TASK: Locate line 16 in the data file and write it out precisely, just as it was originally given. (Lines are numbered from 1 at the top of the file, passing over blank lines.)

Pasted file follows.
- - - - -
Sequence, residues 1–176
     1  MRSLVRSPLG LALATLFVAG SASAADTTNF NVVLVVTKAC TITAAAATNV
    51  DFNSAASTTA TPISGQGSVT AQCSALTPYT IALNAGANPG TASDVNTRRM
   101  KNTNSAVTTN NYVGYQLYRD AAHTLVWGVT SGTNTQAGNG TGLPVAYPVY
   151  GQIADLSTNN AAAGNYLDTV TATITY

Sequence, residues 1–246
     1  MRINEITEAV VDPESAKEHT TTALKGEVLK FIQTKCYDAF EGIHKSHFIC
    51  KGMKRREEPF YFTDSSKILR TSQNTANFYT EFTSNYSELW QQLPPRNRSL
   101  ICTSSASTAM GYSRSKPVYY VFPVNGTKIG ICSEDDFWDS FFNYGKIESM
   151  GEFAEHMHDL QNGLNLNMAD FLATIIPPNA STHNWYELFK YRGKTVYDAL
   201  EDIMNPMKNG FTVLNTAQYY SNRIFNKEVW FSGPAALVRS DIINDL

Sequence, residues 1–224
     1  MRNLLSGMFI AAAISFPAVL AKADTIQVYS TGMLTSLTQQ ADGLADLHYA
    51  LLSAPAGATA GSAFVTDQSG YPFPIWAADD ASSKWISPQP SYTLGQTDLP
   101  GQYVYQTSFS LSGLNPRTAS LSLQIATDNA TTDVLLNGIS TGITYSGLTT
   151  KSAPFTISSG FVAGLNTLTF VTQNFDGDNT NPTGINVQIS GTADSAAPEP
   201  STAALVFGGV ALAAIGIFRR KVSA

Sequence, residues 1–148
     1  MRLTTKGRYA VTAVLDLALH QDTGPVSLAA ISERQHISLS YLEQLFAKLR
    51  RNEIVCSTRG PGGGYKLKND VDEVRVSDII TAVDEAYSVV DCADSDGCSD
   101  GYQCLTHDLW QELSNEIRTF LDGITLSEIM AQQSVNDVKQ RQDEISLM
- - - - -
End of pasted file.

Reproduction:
   151  KSAPFTISSG FVAGLNTLTF VTQNFDGDNT NPTGINVQIS GTADSAAPEP